Jack A. Stanford, and Diane C. Whited were contracted by the Northwest Institute for Bioregional Research (Smithers, BC) to use existing databases to produce a series of maps describing the geomorphology of tributaries of the Skeena River, British Columbia that will be crossed by the proposed Enbridge pipeline. The objective was to develop and map metrics that delineate the areas of the Skeena River and its tributaries most vulnerable to potential pipeline spills associated with the proposed Enbridge corridor to Kitimat, BC.
Pipeline and Tanker Trouble: The Impact to British Columbia’s Communities, Rivers, and Pacific Coast
Pipeline and Tanker Trouble, a report written by the Natural Resource Defence Council, Pembina Institute and Living Oceans Society, uncovers the dangerous nature of diluted bitumen and details the places at risk of an oil spill. Diluted bitumen is not the same as conventional oil; it is more likely to cause corrosion in the pipelines through which it flows, as well as in the tankers that carry it through marine ecosystems. Compared with conventional crude, bitumen blends are more acidic, thicker, and more sulphuric. The inland and marine ecosystems that the pipeline(s) propose to travers are dangerous and provide important habitat to a diverse range of species.
"A powerful award winning documentary on the Great Bear Rainforest." The film shows the splendor of nature and first nation culture with through world renown photographers and beautiful photography. It highlights the what we all want to protect but our addiction to burn more oil is helping to destroy.
This paper by James W. Schwab P.Geo., Eng.L. provides an overview of the landscape, terrain, hillslope processes and fluvial processes found within the general area of the proposed pipeline corridor across west central B.C. The intent of this paper is to help formulate discussion, encourage more in-depth study, direct more detailed on-the-ground investigation, and stimulate investigation into possible safer alternative routes to the unstable terrain found in west central B.C. This paper does not discuss environmental consequences and risk associated with the proposed pipelines although the environmental consequences of an oil pipeline break do differ considerably from a break sustained by a natural gas pipeline.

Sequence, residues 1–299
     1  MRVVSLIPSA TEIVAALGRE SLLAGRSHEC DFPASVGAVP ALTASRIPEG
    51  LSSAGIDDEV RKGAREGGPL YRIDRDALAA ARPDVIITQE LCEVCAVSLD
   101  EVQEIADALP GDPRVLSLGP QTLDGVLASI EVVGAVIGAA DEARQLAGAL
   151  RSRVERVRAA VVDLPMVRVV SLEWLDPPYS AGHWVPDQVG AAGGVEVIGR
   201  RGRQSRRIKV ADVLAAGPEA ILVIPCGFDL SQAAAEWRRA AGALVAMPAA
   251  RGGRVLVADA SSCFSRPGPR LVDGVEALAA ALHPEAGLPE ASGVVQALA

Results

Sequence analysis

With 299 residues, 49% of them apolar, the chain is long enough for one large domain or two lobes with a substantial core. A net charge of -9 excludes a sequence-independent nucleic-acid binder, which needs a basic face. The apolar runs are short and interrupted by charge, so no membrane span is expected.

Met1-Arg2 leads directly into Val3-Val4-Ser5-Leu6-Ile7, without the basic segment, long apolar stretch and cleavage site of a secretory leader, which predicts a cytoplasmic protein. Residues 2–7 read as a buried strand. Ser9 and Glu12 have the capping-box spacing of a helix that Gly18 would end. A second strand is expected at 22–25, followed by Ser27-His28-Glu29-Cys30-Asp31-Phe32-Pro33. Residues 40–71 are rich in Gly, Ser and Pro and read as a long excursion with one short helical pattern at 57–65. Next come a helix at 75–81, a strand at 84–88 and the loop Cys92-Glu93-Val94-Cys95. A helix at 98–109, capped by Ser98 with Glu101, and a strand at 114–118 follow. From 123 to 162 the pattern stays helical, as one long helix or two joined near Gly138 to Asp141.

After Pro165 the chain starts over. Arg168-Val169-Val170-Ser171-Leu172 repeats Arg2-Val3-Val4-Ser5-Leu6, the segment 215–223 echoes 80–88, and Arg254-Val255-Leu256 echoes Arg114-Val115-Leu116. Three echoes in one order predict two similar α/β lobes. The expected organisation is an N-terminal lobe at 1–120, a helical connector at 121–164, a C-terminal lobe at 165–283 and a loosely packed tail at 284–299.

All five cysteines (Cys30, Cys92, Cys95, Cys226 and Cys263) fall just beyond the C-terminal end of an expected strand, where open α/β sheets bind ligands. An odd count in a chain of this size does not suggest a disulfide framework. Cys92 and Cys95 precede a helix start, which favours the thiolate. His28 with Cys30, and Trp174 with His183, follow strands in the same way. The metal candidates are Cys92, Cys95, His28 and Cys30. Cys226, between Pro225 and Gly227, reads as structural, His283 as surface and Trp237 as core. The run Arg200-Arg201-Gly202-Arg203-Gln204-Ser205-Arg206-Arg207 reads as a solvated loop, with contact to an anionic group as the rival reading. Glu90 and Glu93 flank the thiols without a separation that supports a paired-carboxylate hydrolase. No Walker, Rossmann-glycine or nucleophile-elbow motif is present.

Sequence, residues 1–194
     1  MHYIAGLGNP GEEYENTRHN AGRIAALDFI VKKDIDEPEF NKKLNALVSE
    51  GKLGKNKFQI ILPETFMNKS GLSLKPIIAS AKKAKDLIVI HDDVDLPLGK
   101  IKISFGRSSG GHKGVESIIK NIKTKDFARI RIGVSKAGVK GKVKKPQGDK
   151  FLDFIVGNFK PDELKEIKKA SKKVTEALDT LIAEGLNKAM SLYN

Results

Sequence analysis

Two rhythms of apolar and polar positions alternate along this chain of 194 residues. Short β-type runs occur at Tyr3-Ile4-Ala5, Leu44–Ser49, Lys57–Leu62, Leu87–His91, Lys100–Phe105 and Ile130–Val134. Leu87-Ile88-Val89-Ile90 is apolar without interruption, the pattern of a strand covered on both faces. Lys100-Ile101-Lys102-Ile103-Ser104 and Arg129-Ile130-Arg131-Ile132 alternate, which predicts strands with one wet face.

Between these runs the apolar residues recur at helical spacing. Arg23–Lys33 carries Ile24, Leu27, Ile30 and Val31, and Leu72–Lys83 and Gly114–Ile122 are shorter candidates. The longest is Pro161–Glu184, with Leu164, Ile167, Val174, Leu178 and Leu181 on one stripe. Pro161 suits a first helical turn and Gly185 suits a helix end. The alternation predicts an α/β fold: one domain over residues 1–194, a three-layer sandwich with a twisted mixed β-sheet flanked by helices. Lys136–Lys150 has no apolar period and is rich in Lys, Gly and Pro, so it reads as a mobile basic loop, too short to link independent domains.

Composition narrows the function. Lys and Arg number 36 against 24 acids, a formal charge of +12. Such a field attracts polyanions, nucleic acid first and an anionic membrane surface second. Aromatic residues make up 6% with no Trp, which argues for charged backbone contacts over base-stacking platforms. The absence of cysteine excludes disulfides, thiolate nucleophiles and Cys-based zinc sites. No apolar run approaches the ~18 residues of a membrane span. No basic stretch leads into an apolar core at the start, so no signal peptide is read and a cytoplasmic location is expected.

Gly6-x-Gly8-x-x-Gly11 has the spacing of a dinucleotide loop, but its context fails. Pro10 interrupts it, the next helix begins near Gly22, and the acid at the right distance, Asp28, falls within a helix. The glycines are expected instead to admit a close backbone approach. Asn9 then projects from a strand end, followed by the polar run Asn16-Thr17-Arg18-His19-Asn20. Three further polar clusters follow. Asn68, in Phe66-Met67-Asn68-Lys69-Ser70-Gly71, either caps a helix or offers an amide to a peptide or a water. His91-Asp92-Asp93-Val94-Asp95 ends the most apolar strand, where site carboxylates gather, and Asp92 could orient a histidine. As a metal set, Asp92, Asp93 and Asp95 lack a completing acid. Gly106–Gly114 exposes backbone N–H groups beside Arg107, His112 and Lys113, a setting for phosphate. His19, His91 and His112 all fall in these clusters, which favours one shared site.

Tar Sands Pipeline Safety Risks, a report by the Natural Resources Defense Council and others, shows that by its nature raw tar sands oil or diluted bitumen is more corrosive and more likely to result in pipeline failures. The risks of spills from tar sands pipelines are high and U.S. safety regulations are not enough to protect special places such as the Great Lakes, the Nebraska Sandhills and the Ogallala Aquifer. With the proposed Keystone XL tar sands pipeline in the middle of its environmental impact assessment by the U.S. State Department, getting a better understanding of what raw tar sands oil in a pipe means for our environment and safety is more important than ever.
Tipping Point: The Age of the Oil Sands is a two-hour visual tour de force, taking viewers inside the David and Goliath struggle playing out within one of the most compelling environmental issues of our time. In an oil-scarce world, we know there are sacrifices to be made in the pursuit of energy. What no one expected was that a tiny Native community downriver from Canada’s oil sands would reach out to the world, and be heard.
Financial Vulnerability Assessment: Who Would Pay for Tanker Spills Associated with Northern Gateway
If Enbridge’s Northern Gateway pipeline is approved, Canadian taxpayers could be on the hook for billions of dollars to cover the clean up and compensation costs in the event of a catastrophic oil tanker spill. This report also concludes that, according to Canada’s oil spill regulations, Enbridge is not responsible for any of the costs associated with a spill once the oil is loaded onto tankers.
Video of a presentation in Smithers by Erin O'Brien concerning the environmental impacts of Enbridge pipeline construction in Wisconsin.
A video showing Beth Wallace's presentation in Smithers regarding the 2010 Enbridge pipeline oil spill into the Kalamazoo River in Michigan.
While Enbridge has actively promoted the perceived benefits of its proposed Northern Gateway pipeline, some critical questions remain unanswered. This report by the Pembina Institute aims to address these uncertainties and unanswered questions, such as: Is there a demonstrated demand for this pipeline? Is there a need for more export pipeline capacity? And does the Joint Review Panel have enough information to make an informed decision?